The Stranger

Front Cover
CreateSpace Independent Publishing Platform, Jul 24, 2016 - 92 pages
L'Étranger (The Outsider (UK), or The Stranger (US)) is a French novel by Albert Camus published in 1942. Its theme and outlook are often cited as examples of Camus's philosophy of the absurd and existentialism, though Camus personally rejected the latter label.The title character is Meursault, an indifferent French Algerian ("a citizen of France domiciled in North Africa, a man of the Mediterranean, an homme du midi yet one who hardly partakes of the traditional Mediterranean culture"[1]), who, after attending his mother's funeral, apathetically kills an Arab man whom he recognizes in French Algiers. The story is divided into two parts, presenting Meursault's first-person narrative view before and after the murder, respectively.In January 1955, Camus wrote:"I summarized The Stranger a long time ago, with a remark I admit was highly paradoxical: 'In our society any man who does not weep at his mother's funeral runs the risk of being sentenced to death.' I only meant that the hero of my book is condemned because he does not play the game."

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User Review  - Clara53 - LibraryThing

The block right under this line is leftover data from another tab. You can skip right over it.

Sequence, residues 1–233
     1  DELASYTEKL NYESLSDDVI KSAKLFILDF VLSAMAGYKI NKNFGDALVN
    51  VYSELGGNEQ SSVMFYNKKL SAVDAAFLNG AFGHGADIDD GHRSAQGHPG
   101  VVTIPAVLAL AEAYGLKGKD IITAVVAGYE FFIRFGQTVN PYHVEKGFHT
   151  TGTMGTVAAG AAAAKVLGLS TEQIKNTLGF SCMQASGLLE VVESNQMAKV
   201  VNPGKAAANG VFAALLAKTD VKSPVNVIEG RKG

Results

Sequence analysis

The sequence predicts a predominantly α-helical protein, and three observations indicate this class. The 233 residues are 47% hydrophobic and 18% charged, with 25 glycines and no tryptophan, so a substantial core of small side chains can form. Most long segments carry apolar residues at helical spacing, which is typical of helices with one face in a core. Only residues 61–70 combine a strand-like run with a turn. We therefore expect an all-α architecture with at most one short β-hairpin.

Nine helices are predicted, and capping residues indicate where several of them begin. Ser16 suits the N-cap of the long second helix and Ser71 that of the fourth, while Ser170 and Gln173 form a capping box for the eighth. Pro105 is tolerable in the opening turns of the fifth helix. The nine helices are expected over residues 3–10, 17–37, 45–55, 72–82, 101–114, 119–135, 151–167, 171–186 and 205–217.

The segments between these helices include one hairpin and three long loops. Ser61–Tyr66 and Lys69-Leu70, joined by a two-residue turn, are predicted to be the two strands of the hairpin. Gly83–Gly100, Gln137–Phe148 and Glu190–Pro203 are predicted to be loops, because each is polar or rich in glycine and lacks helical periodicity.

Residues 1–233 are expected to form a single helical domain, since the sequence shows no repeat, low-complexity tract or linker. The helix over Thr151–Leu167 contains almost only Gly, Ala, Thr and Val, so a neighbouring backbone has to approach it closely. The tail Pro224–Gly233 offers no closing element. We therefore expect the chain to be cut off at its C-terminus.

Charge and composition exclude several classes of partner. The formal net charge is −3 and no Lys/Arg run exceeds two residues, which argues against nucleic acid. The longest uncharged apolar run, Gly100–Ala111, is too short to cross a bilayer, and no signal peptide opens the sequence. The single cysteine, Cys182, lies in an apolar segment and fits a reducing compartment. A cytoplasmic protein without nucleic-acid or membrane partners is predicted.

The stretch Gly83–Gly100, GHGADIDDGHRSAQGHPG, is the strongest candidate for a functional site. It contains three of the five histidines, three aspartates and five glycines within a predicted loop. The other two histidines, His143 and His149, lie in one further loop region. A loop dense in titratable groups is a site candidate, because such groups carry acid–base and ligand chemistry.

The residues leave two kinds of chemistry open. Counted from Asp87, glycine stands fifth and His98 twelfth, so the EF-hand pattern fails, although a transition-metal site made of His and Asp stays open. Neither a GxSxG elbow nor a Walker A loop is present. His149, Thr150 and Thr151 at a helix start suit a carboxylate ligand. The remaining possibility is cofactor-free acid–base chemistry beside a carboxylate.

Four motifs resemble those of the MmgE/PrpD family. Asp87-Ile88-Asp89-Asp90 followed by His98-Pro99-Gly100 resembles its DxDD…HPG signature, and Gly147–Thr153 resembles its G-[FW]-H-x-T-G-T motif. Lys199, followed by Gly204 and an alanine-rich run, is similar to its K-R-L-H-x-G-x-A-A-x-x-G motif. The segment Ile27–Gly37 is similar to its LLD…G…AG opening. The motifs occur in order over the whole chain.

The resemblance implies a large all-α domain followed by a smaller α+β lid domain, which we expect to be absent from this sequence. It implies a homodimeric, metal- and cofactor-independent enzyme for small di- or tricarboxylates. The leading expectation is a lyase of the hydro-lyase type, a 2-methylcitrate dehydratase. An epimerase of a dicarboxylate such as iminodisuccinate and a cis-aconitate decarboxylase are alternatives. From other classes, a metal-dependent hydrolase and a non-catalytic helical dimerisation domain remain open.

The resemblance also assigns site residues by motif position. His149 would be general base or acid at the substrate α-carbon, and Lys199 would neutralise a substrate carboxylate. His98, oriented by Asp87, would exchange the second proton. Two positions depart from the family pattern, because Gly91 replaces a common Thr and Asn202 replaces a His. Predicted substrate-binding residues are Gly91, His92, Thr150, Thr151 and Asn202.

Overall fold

The book left a strange feeling in my head - can't put a finger on it even after a few days have gone by. It's something like this: how mere circumstances - if not judged or addressed precisely - can ... Read full review

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User Review  - pivic - LibraryThing

This book is straight-forward. A trip into the mind of a man, who acts and thinks like a stoic; his journey through life is simple, basically because he does what he wants and doesn't care for much ... Read full review

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About the author (2016)

Born in 1913 in Algeria, Albert Camus was a French novelist, dramatist, and essayist. He was deeply affected by the plight of the French during the Nazi occupation of World War II, who were subject to the military's arbitrary whims. He explored the existential human condition in such works as L'Etranger (The Outsider, 1942) and Le Mythe de Sisyphe (The Myth of Sisyphus, 1942), which propagated the philosophical notion of the "absurd" that was being given dramatic expression by other Theatre of the Absurd dramatists of the 1950s and 1960s. Camus also wrote a number of plays, including Caligula (1944). Much of his work was translated into English. He was awarded the Nobel Prize for Literature in 1957. Camus died in an automobile accident in 1960.

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